But Paul Johnson has people convinced that he’s the only thing keeping Tech from complete irrelevance. No, he’s the thing pushing Tech closer and closer to it.
 
In the 11 years before Johnson got to Tech, Georgia Tech didn’t have a single losing season. In fact, they strung together 11 consecutive winning seasons, with five seasons of eight wins or more. This included a run of four consecutive eight win seasons. And over this stretch, they never won fewer than seven.
 
So when Johnson took over, the program was still relevant, still a winning program. And when he replaced the embattled Gailey he inherited a program with a lot of upside, and a lot of talent on the roster. In his first two years, blessed with the talent recruited to Tech by someone else, Johnson went 20-7, won the ACC, and finished both seasons ranked.
 
Since 2009? He’s gone 63-52, only actually won the Coastal once. (in a time when it’s arguably the worst division in major college football), only finished in the top 25 once, and had three losing seasons. For those scoring at home, that’s a winning percentage of .548. For comparison’s sake, Gailey’s career winning percentage at Tech was .579.
 
After that fateful 2009 season (the last in which he had the NFL bound trio of Burnett, Morgan, and Thomas) Johnson only managed to put back to back winning seasons together just once, and never again put together back to back eight win seasons. And that little nugget about not winning fewer than seven games in a season for over a decade? Well over those nine years Johnson’s teams managed to fail to hit that mark three times. And they needed a 14th game one season to avoid doing it a fourth.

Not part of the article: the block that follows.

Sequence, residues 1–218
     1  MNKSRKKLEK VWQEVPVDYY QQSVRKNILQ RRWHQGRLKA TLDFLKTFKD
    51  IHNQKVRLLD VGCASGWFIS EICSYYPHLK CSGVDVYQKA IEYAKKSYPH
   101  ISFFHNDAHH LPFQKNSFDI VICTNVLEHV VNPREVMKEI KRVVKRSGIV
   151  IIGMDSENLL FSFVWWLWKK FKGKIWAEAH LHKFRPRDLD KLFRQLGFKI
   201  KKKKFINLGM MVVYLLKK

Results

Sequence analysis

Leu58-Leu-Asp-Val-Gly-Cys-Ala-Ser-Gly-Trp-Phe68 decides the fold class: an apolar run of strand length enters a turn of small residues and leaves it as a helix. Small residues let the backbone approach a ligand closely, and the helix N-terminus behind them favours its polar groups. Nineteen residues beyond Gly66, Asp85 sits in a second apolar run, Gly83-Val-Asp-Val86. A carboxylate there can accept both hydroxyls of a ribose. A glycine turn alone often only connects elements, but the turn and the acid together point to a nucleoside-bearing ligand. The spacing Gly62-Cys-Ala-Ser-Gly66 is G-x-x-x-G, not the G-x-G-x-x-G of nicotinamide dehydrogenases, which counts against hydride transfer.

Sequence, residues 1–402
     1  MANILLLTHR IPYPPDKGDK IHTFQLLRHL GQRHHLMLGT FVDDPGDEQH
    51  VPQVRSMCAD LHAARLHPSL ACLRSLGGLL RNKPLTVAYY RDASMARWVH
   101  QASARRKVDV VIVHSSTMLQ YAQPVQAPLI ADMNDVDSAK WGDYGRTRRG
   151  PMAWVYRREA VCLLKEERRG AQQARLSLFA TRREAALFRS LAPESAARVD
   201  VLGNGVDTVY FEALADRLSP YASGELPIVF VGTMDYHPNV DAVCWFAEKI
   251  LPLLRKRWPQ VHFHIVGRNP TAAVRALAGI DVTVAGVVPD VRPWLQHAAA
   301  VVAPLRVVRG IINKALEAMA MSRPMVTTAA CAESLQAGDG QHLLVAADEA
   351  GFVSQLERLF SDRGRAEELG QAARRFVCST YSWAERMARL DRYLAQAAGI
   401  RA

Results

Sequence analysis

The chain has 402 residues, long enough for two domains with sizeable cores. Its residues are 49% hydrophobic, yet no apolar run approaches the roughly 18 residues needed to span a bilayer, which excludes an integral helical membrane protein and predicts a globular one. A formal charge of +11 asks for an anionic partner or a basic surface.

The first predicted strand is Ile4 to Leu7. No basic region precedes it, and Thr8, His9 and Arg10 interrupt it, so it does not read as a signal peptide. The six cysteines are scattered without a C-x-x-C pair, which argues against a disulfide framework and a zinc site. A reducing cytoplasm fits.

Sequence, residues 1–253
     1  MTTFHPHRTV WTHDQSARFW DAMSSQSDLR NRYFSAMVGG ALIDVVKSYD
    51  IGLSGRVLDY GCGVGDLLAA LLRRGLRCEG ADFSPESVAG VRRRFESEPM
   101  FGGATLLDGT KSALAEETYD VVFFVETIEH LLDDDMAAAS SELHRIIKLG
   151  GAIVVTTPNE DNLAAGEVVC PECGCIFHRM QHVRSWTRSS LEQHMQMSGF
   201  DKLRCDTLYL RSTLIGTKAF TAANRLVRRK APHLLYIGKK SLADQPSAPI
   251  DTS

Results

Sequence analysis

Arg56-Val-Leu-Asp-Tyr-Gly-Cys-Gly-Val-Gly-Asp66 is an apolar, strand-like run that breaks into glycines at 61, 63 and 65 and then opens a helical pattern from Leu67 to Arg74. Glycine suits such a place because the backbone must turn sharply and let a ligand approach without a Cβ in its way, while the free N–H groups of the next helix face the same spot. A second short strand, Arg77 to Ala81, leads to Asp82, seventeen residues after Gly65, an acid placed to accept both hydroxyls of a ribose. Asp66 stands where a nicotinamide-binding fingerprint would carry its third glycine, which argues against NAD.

Let’s get back to that 24-24 record over his final four years. Do you know what Gailey’s record was over his final four years was? 30-20, with four bowl appearances, a Coastal division title, and no losing seasons.
 
But there are people who believe losing Johnson is a bad thing? The sheep really do love themselves some kool-aid. Gailey was winning more and recruiting better when he, and at this point deservedly so, got the boot. Tech fans everywhere were screaming for his termination.
 
And yet Paul Johnson has managed to finesse his way into having people believe that someone who is doing a worse job, and not just slightly, it’s demonstrably worse, is a savior.
 
What’s amazing is that with how well Johnson has conned his way into the hearts and minds of the Tech administration and Tech fans is that he couldn’t con a few more good football players to come play on The Flats.

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Dirtiest Moves in NASCAR

In light of Denny Hamlin pulling one of the dirtiest moves I can recall in my 30 years of watching NASCAR and hearing some people say, “that’s just racin'” I decided to compile a list of moves that compare similarly to what Denny pulled on Sunday night.

Wrecking the leader is not “racing”. Not when it’s intentional without any intent to actually try to race. Moving the leader? Wrecking him accidentally by driving too hard in an attempt to win? Those are acceptable. Frustrating for the driver and fans of the driver on the short end of that stick, but acceptable.

Flat out driving through someone, or hooking them after they go by you? That’s not racing. That’s, as Harry Hogge once called it, “low-down, shit-ass racin'”.